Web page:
No one amongst us, not even the most well-connected, could hope to get to know so many different, dynamic and exceptional individuals over the period of a year. My cohort of 38 consisted of politicians, architects, engineers, firemen, researchers, CEOs, educators, lawyers, accountants, actors, council officials, managers, bankers, doctors and policemen to mention a few, in ages ranging from the 20s to 50s. Each person brought a unique set of personal and professional experiences as well as aspirations. Someone was looking for a career change, someone else just wanted to be better at what they did. One hesitated to make a bold move while another made one and wasn’t sure about the consequences. Someone was stagnant while another was on the cusp of change. Imagine being in room month after month with these people, rich with ideas, generous with their time and expertise, eager to embrace relationships. It was only a matter of time before people from disparate experiences found common issues they cared about and found friends in places they had never thought to look.
At the start of the year, there was a great deal of expectation about what the program might deliver in terms of external visits, meetings and networking. There were some simply excellent experiences, the likes of which we would never have had. For some, this was a visit to sacred indigenous sites to learn first-hand our indigenous history. For others, it may have been rich conversations with urban planners, senior politicians, media heavyweights, prominent CEOs or young African refugees determined to renew life in Australia. But as the year progressed, what we slowly realized is that the most valuable thing about the Williamson Community Leadership Program was the people who are in it. Simply sitting back sometimes and absorbing the combined wisdom and experience of the group was reward enough – anything else was an extra.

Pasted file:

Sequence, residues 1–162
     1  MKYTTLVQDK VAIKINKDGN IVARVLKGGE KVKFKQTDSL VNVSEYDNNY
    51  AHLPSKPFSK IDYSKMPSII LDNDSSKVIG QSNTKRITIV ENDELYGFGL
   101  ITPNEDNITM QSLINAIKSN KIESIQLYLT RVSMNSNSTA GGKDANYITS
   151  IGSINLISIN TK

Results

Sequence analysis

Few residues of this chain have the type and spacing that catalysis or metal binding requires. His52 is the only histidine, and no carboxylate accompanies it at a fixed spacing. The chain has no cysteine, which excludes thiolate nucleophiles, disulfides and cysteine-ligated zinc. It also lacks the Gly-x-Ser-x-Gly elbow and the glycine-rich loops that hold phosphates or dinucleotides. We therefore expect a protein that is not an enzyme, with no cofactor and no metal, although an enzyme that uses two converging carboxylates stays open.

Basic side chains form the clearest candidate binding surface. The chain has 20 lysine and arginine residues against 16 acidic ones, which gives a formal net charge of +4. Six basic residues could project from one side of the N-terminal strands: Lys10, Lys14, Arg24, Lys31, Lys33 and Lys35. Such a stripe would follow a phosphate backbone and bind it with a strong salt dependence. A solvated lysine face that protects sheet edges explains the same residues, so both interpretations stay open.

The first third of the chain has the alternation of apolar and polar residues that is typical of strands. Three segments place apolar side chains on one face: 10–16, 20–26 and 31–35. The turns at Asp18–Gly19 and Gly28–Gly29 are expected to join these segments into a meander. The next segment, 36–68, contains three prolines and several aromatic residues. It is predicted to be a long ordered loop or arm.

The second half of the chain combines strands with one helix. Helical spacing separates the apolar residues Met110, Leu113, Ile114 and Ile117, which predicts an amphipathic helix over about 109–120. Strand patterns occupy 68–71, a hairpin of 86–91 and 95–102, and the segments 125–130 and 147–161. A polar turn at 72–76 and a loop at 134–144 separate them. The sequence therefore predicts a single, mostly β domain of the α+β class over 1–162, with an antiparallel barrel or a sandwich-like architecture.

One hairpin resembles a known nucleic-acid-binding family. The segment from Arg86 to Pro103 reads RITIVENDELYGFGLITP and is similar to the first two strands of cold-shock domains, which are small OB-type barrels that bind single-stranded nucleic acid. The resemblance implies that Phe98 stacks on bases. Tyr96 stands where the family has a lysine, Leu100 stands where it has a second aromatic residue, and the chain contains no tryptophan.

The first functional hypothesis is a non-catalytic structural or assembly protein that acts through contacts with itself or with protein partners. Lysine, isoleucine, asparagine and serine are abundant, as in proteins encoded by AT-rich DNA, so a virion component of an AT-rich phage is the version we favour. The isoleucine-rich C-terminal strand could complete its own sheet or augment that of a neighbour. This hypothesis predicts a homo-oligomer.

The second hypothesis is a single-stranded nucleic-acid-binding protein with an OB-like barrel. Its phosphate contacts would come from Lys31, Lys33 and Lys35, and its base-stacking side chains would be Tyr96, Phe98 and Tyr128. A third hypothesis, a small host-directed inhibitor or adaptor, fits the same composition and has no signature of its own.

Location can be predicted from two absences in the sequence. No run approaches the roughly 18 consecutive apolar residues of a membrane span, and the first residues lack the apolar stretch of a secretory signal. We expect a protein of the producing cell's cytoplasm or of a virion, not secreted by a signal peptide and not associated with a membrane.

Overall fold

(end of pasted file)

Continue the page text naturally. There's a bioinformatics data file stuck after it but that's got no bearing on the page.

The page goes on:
If I were asked to nominate my greatest learning from the Williamson program it would be this: I have learnt more about myself. I have discovered parts of me that I take pride in, but equally aspects that I would like to change. When a group of talented and insightful people hold a mirror to you for an entire year, you can either ignore what you see or seize the opportunity to examine yourself more deeply. It can be discomfiting but ultimately rewarding. I have seen the value of collaboration substantiated by individual excellence. I have witnessed intelligence paired with modesty and humour, a combination we could all use more of. I have seen people really striving to make a difference to the world, quietly, one step at a time. I have met those who have changed their circumstances by sheer force of will and determination. And I have been inspired. I am sure you could read about such things in a book, but it is an entirely different privilege to be in the same room as these people.
It is an honour to be an Alumnus of the Williamson program. ‘So how has it changed you?’ others ask, wondering whether the experience is for them. Intangibly, in many ways, I respond. I have discovered greater self-awareness, community awareness, and the reigniting of a desire to make a difference. When I hear about an issue in the news, I am more inclined to follow it closely because I understand the context behind it. Suddenly, sound-bites about effective policing , congested housing, or disability support mean more. As someone with no direct experience of large private enterprises, I appreciate better the challenges faced by them.
When I think of my Williamson experience, I have often reflected that while it may not have created an expert out of me, it has broadened my horizons to the extent that I am better placed to understand many more aspects of the society we live in. There is no urgency to realize all my learnings from the program today, but I feel better equipped for tomorrow.
Dr. Ranjana Srivastava (WCLP ’11) is Medical Oncologist and General Physician, Director of Physician Training, at Southern Health and participated in the 2011 WCLP.
Ranjana is also the author of ”Tell Me The Truth. Conversations with my Patients about Life and Death”. You can find out more about this and Ranjana’s other work at www.ranjanasrivastava.com